Low income growth increasing retirement savings deficit in B.C.

Canadian banks and credit unions will have just over a month until the March 1 contribution deadline to get Canadians to contribute to their registered ...

Canadian banks and credit unions will have just over a month until the March 1 contribution deadline to get Canadians to contribute to their registered retirement savings plans (RRSPs). But the reminders and alerts might be increasingly for naught.

According to Canadian Revenue Agency data compiled by Statistics Canada, fewer Canadians, and British Columbians in particular, have been contributing to their RRSPs each year.

In 2010, less than a quarter of Canadian tax filers put some money into their RRSPs, down from 29% in 2000.

The drop has been more pronounced in B.C., where only 23% contributed to their retirement savings in Vancouver’s Olympic year, down from nearly 30% a decade earlier.

Having funds to save has remained a key stress point for households. A BMO survey released in early January found 60% of Canadians thinking of contributing to an RRSP worry about where the money will come from.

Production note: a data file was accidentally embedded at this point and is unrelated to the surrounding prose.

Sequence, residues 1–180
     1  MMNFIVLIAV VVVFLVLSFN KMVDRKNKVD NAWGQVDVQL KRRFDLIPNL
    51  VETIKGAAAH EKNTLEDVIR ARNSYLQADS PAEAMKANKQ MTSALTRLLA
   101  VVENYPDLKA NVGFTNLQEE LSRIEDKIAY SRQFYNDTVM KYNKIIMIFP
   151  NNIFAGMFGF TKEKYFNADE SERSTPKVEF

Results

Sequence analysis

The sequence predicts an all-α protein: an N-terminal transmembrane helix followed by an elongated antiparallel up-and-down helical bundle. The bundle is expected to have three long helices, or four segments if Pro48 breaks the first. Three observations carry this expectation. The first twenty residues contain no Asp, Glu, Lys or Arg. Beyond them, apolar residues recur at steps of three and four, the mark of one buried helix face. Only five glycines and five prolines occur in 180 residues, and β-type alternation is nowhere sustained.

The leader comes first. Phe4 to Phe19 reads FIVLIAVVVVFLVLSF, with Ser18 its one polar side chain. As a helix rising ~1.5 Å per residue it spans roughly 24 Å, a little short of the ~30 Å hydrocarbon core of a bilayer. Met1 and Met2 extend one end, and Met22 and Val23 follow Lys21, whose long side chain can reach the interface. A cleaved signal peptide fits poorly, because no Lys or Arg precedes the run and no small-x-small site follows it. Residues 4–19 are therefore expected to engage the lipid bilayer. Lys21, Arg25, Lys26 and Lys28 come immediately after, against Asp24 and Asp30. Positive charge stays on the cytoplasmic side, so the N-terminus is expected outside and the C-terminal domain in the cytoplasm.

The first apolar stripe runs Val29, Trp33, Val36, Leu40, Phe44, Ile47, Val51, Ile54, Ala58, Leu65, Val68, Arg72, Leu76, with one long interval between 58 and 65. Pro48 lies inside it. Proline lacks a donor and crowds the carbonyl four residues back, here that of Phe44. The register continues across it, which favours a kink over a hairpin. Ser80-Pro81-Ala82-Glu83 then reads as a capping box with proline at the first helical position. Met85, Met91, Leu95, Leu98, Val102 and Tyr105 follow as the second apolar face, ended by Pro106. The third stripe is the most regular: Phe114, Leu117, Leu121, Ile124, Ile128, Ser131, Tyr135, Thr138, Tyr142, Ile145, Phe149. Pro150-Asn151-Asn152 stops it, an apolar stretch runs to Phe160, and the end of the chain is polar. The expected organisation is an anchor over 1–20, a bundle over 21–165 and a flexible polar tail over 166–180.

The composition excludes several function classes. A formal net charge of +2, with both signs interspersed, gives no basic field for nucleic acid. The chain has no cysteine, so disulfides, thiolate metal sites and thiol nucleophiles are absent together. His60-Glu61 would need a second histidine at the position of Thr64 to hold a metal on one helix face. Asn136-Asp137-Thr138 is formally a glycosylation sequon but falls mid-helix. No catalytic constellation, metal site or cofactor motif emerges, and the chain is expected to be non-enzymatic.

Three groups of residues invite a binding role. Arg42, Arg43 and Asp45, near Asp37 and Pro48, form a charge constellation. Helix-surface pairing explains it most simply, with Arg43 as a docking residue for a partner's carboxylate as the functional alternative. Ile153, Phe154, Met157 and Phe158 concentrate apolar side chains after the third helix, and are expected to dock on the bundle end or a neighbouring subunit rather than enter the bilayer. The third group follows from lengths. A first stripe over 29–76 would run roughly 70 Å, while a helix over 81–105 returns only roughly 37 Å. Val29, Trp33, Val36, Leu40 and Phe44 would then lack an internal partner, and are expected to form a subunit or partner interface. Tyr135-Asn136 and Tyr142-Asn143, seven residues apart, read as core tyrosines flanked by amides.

For more than a decade, families have found it increasingly difficult to save. Between 2000 and 2010, while average family incomes have risen more than 14%, the cost of living has jumped 21% in B.C. The challenge has been more acute in Metro Vancouver, where incomes grew 13% and the cost of living rose 21%.

Unless savings trends reverse, RRSPs could continue to lose importance as a meaningful government program to help Canadians save for retirement.

Statistics Canada data shows that fewer taxpayers are taking full advantage of their RRSPs.

By 2010 nearly 86% of B.C. taxpayers had unused contribution room, up from 75% in 2000. And the total amount of unused RRSP room has more than doubled to $82.5 billion from $31.2 billion.

If Canadians had managed to put aside the 18% of their annual income allowed in an RRSP, the country might not be facing its long-term retirement crisis, especially for post-baby-boomer generations.

In recent years, the federal government has tried to entice more Canadians to save with new savings plans, but questions persist if those will produce a meaningful improvement on the retirement savings prospects for Canadians.

More on this next week.

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